On February 16, the Hawaii Academy of Science conducted the Kauai Regional Science and Engineering Fair with more than 50 students from local middle and high schools participating in the one-day event. Two staff from the NTBG Science and Conservation Department, Seana Walsh and Dustin Wolkis, judged for the Plant Sciences category.
One of the student participants, Kauai High School 9th grader Aidan Gregerson, received the "NTBG Young Ecologist Award" for his experiment which tested soil from the roots of native and invasive plants to see monitor changes in soil nutrients. Aidan tested three native plant species: Acacia koa (koa tree), Sadleria sp. (amau fern), and Pritchardia minor (loulu) and three invasive species: the obscure morning glory, ironwood tree, and a ginger species. He found that the pH level of the soil from the native plants was much lower (more acidic) than the invasive plants, with native plants preferring higher amounts of nitrogen. He noted that if invasive plants are introduced, they could potentially alter the balance of nutrients.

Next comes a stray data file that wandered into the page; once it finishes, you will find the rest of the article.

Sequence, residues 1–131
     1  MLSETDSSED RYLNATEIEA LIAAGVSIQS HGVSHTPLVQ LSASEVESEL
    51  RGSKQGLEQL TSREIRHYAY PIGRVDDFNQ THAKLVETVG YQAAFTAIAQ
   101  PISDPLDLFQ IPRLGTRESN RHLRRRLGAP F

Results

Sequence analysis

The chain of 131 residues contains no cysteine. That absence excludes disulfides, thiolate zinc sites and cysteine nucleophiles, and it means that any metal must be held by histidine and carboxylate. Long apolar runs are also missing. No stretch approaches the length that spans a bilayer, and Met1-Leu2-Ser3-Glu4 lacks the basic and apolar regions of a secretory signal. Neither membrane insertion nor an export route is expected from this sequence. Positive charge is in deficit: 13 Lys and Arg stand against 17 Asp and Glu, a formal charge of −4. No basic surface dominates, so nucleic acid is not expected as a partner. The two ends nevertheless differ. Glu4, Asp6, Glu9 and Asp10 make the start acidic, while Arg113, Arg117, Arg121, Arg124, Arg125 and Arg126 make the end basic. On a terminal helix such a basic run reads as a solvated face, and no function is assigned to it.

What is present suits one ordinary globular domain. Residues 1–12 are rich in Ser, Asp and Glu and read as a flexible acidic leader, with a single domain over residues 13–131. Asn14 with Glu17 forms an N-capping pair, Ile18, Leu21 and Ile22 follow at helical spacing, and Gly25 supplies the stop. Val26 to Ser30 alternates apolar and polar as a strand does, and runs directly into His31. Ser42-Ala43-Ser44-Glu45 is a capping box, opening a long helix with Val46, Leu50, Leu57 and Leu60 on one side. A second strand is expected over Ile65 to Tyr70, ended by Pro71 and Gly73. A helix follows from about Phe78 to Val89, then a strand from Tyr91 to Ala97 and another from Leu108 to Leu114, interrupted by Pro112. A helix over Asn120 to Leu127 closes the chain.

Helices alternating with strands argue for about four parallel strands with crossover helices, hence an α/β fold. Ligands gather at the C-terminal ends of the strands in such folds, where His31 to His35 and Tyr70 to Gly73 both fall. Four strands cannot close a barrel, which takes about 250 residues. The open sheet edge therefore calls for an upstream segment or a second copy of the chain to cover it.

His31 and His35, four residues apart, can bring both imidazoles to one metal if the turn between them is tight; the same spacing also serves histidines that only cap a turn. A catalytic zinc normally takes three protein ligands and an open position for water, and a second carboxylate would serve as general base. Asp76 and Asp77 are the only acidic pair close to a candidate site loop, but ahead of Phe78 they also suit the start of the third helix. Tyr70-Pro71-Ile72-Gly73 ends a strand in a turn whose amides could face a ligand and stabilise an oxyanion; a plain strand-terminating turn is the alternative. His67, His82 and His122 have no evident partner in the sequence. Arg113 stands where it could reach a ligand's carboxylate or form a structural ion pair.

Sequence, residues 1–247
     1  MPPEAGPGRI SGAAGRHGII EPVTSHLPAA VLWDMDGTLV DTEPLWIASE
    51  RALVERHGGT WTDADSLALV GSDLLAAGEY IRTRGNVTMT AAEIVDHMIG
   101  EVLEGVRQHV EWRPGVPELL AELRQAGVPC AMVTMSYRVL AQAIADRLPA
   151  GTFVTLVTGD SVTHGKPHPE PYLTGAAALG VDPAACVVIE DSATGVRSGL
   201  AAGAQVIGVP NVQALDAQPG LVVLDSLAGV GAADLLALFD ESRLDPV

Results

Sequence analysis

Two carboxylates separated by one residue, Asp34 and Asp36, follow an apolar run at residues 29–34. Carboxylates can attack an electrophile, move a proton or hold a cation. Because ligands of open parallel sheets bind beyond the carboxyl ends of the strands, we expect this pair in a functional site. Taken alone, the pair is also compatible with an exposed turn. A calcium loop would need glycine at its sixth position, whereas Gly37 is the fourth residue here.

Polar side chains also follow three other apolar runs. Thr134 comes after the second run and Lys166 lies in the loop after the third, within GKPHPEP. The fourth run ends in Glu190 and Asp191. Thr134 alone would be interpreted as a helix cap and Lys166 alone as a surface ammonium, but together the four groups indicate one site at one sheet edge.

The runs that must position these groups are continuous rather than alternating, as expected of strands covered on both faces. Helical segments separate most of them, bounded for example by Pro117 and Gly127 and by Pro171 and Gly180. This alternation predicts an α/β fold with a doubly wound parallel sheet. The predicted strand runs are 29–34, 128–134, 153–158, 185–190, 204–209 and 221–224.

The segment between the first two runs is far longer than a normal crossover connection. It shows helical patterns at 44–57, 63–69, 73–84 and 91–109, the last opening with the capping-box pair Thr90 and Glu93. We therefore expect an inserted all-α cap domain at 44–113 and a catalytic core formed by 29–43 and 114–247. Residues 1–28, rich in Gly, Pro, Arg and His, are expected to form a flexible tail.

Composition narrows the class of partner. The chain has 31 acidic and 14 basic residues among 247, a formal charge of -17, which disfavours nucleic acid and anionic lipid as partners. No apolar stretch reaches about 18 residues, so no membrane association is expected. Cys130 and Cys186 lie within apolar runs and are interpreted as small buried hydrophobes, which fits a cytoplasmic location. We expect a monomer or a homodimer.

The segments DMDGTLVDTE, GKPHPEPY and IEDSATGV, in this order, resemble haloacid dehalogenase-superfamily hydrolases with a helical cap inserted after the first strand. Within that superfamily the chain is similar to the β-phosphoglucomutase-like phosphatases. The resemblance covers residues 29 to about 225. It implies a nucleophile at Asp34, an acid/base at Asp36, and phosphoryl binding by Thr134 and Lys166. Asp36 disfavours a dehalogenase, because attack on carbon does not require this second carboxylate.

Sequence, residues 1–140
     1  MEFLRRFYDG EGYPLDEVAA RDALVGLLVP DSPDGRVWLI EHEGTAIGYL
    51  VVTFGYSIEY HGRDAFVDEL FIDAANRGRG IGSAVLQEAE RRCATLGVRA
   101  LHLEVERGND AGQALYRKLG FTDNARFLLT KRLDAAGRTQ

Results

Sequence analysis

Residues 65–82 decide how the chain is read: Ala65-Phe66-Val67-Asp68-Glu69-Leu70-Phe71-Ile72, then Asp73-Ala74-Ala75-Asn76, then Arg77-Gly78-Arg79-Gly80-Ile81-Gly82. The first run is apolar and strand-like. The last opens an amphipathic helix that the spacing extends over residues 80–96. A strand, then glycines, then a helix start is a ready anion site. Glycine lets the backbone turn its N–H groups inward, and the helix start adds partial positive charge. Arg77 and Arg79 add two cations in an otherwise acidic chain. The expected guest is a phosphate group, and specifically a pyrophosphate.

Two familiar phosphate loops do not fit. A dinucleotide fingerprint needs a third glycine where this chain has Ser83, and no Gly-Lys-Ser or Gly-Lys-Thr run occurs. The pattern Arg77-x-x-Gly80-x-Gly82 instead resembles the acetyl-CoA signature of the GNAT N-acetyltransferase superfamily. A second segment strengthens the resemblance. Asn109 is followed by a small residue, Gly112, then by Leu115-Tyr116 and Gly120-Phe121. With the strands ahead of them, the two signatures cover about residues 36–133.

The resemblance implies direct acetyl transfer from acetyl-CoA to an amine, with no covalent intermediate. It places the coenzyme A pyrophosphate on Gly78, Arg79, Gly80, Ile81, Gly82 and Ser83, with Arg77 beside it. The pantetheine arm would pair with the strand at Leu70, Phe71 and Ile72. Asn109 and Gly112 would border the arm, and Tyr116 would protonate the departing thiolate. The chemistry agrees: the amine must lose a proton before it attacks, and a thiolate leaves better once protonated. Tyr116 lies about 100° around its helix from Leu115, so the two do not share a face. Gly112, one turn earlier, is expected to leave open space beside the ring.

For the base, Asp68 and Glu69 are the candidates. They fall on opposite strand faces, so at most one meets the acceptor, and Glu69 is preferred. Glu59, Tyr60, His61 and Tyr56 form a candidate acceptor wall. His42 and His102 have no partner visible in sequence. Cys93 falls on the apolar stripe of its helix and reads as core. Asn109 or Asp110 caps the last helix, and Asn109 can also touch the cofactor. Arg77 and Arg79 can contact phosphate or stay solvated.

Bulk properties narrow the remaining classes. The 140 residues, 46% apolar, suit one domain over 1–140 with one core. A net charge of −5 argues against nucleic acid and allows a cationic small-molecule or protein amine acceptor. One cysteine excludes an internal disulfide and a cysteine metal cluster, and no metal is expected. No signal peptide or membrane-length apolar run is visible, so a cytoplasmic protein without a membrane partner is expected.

A second Kauai High School student, Isabella Parsons, received the "NTBG Plant Conservation Award" for her project: Investigating the Effects of the Removal of Red Mangrove Trees on the Ecosystem of Kauai.
Speaking of fostering Science, Technology, Engineering, and Mathematics (STEM) education, Dustin said, “It is my hope that by providing honest positive feedback and co-presenting these two awards that all Science Fair participants will continue their passion for STEM education.”
Seana added, “Supporting our science fairs on island is very much in line with NTBG’s mission. Many of the student projects aim to address problems in our community, and the students are really passionate about them. It gives me hope for the future of our island."
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Photo courtesy of MC2 Sara Sexton